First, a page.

IBM Fires Blockchain into the Cloud and into the Hands of Developers

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The popular Blockchain ledger has just been infused with new possibilities by IBM’s efforts to bring Blockchain to the cloud. By releasing its own Blockchain platform that relies on open source technology to be used for B2B transactions as a service, Blockchain has just received a plethora of new use case scenarios. Open Blockchain is now part of Hyperledger’s first incubation project, Fabric.

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Open Blockchain is IBM’s open source contribution to the Linux Foundation’s Hyperledger Project, a collaborative effort to create a blockchain for business and IBM is inviting developers to join the Hyperledger Project community and be a part of this exciting emerging technology.

 

Open Blockchain (OBC) is a ledger of digital events, called transactions, shared among different participants, each having a stake in the system. The ledger can only be updated by consensus of the participants, and, once recorded, information can never be altered. Each recorded event is cryptographically verifiable with proof of agreement from the participants.

From a technical standpoint, OBC is a fabric architecture that allows businesses to harness the power of cryptographically secure, immutable (append-only), distributed and peer-to-peer databases. These are commonly known as “blockchains,” pioneered by the Bitcoin and Ethereum communities.

OBC extends traditional blockchain technologies by incorporating:

  • Logic (chain code): Chain code extends traditional smart-contracts, broadly defined as self-executing agreements written in code that may be interacted with and may trigger other smart-contracts, but with further capabilities. Chain-code is executed in sandboxed Docker containers, and may interact with other hlp-fabric-golang networks or the outside world. More importantly, chain-code is immutable, may retain state, and inherits confidentiality/privacy.
  • Variable Confidentiality: Networks can limit who can view or interact at different levels of the environment. Individual transactions can even impose their own confidentiality rules.
  • Verifiable Identification: While the network can set identity obfuscation, it is possible to have 100% anonymous peers whose identity is also provable and unique with secure cryptographic techniques. If the users of a network grant permission, an auditor will be able to de-anonymize users and their transactions. This is useful for regulatory inspections and analysis.
  • Private Transactions: The details of a transaction, including but not limited to chain-code, peers, assets, and volumes are encrypted. This eliminates any pattern recognition or leaked private information to non-authorized actors on the network. Only specified actors can decrypt, view and interact/execute (with chain-code).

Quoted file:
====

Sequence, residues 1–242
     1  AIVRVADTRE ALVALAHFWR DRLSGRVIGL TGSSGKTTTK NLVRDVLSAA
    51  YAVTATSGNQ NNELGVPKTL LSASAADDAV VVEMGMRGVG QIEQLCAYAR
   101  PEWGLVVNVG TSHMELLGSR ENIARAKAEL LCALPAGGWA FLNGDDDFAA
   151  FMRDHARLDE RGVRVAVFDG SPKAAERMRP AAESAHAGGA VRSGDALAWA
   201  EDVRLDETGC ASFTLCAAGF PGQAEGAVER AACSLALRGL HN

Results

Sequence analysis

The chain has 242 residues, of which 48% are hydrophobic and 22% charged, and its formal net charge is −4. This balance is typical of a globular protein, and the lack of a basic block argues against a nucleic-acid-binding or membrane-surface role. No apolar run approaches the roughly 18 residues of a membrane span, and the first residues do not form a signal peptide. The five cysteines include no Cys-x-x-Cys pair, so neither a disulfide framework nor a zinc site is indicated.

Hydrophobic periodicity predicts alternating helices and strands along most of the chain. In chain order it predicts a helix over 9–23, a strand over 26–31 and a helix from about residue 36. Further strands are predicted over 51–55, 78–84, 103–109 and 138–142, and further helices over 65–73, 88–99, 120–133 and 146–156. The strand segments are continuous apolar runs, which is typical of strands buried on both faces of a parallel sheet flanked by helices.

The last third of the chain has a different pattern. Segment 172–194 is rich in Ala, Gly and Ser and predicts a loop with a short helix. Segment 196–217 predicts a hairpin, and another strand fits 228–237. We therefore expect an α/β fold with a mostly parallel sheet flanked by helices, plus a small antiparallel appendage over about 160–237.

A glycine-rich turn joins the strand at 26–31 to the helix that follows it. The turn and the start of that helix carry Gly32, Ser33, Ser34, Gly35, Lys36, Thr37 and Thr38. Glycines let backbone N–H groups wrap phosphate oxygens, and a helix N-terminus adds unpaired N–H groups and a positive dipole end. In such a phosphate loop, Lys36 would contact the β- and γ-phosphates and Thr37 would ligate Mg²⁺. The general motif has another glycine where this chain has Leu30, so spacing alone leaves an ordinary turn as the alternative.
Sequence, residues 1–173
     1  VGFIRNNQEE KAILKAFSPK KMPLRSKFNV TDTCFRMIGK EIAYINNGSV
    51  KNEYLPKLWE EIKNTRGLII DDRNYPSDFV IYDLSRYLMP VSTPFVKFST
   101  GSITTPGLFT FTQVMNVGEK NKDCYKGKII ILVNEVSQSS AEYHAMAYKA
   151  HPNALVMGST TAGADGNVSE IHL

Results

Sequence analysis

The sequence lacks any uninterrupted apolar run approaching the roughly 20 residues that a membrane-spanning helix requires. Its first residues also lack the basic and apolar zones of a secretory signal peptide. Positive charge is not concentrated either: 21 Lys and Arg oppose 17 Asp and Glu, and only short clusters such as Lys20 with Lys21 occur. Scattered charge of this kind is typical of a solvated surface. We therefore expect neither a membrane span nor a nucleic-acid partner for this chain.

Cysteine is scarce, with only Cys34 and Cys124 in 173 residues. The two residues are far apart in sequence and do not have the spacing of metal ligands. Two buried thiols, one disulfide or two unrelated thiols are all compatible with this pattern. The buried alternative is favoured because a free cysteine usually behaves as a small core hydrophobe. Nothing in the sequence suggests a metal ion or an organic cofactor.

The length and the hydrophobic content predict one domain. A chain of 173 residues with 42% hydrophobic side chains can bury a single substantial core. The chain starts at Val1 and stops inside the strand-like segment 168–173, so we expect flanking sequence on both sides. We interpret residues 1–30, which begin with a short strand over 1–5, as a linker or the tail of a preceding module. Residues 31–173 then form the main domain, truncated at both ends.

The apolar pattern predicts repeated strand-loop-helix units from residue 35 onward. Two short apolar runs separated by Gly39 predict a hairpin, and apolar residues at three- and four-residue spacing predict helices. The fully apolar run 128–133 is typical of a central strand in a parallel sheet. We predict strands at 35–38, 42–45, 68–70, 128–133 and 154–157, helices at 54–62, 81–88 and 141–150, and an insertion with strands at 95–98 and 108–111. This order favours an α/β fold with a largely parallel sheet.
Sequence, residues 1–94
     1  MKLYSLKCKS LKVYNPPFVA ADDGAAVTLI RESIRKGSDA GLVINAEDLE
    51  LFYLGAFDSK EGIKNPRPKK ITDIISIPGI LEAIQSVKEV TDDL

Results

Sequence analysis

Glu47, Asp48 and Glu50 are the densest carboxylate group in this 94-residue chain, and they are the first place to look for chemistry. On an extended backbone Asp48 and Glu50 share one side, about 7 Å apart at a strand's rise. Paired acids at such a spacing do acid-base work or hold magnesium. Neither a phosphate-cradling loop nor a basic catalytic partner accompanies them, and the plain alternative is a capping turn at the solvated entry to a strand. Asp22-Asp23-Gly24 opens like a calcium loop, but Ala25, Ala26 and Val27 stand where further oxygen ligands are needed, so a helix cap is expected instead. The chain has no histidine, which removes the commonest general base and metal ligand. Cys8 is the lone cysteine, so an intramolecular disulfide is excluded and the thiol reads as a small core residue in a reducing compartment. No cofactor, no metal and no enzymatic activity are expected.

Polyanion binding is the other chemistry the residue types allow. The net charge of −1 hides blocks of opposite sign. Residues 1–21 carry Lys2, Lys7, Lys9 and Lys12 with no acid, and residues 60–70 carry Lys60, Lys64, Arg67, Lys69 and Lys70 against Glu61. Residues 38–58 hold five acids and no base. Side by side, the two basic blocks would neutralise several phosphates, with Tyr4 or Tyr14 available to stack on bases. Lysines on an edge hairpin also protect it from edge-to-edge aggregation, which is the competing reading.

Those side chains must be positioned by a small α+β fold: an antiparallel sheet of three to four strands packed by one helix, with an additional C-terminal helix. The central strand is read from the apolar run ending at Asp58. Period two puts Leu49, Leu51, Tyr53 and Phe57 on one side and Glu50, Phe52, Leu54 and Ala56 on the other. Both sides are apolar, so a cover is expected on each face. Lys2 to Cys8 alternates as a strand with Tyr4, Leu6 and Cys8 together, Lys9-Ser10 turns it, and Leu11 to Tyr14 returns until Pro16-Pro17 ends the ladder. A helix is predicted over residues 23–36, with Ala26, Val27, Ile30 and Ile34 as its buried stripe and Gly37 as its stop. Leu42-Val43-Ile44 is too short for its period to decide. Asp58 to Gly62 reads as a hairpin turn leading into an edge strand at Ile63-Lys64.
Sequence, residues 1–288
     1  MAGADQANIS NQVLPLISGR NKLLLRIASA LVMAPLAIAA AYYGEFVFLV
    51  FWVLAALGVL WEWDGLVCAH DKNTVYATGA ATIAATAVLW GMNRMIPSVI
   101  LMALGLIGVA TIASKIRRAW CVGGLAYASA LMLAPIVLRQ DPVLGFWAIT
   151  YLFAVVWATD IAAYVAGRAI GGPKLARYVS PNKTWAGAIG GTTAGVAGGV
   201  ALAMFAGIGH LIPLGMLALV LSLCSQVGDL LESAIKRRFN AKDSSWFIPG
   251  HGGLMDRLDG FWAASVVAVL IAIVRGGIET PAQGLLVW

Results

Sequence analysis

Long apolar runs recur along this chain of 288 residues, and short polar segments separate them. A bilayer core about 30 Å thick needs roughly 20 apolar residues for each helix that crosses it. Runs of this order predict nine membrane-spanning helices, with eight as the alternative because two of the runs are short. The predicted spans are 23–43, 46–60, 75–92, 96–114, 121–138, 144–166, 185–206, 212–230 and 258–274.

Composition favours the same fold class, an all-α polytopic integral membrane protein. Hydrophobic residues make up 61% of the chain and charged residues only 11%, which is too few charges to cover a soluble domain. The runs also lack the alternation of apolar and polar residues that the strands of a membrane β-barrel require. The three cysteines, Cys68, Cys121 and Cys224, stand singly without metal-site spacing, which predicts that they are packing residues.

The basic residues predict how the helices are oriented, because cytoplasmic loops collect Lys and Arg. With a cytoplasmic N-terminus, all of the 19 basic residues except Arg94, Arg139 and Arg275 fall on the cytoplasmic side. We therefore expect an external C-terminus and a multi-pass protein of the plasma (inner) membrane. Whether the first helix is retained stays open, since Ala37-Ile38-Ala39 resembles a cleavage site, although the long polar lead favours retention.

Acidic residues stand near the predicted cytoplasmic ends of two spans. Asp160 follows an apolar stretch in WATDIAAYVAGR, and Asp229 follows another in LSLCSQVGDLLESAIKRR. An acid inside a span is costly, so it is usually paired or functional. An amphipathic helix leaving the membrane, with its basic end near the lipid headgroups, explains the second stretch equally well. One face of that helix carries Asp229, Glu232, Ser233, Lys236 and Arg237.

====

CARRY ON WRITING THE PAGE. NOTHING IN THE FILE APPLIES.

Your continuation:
• Customizable Consensus Protocols: The fabric will easily operate with almost any consensus mechanism (for example, proof-of-work, proof-of-stake, etc.). This customizable architectural design makes OBC applicable to more applications.

Learn more about IBM’s Blockchain:

 

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About Richard Kastelein

Founder and publisher of industry publication Blockchain News (EST 2015), a partner at ICO services collective Token.Agency ($750m+ and 90+ ICOs and STOs), director of education company Blockchain Partners (Oracle Partner) – Vancouver native Richard Kastelein is an award-winning publisher, innovation executive and entrepreneur. He sits on the advisory boards of some two dozen Blockchain startups and has written over 1500 articles on Blockchain technology and startups at Blockchain News and has also published pioneering articles on ICOs in Harvard Business Review and Venturebeat. Irish Tech News put him in the top 10 Token Architects in Europe.

Kastelein has an Ad Honorem - Honorary Ph.D. and is Chair Professor of Blockchain at China's first Blockchain University in Nanchang at the Jiangxi Ahead Institute of Software and Technology. In 2018 he was invited to and attended University of Oxford's Saïd Business School for Business Automation 4.0 programme.  Over a half a decade experience judging and rewarding some 1000+ innovation projects as an EU expert for the European Commission's SME Instrument programme as a startup assessor and as a startup judge for the UK government's Innovate UK division.

Kastelein has spoken (keynotes & panels) on Blockchain technology in Amsterdam, Antwerp, Barcelona, Beijing, Brussels, Bucharest, Dubai, Eindhoven, Gdansk, Groningen, the Hague, Helsinki, London (5x), Manchester, Minsk, Nairobi, Nanchang, Prague, San Mateo, San Francisco, Santa Clara (2x), Shanghai, Singapore (3x), Tel Aviv, Utrecht, Venice, Visakhapatnam, Zwolle and Zurich.

He is a Canadian (Dutch/Irish/English/Métis) whose writing career has ranged from the Canadian Native Press (Arctic) to the Caribbean & Europe. He's written occasionally for Harvard Business Review, Wired, Venturebeat, The Guardian and Virgin.com, and his work and ideas have been translated into Dutch, Greek, Polish, German and French. A journalist by trade, an entrepreneur and adventurer at heart, Kastelein's professional career has ranged from political publishing to TV technology, boatbuilding to judging startups, skippering yachts to marketing and more as he's travelled for nearly 30 years as a Canadian expatriate living around the world. In his 20s, he sailed around the world on small yachts and wrote a series of travel articles called, 'The Hitchhiker's Guide to the Seas' travelling by hitching rides on yachts (1989) in major travel and yachting publications. He currently lives in Groningen, Netherlands where he's raising three teenage daughters with his wife and sailing partner, Wieke Beenen.

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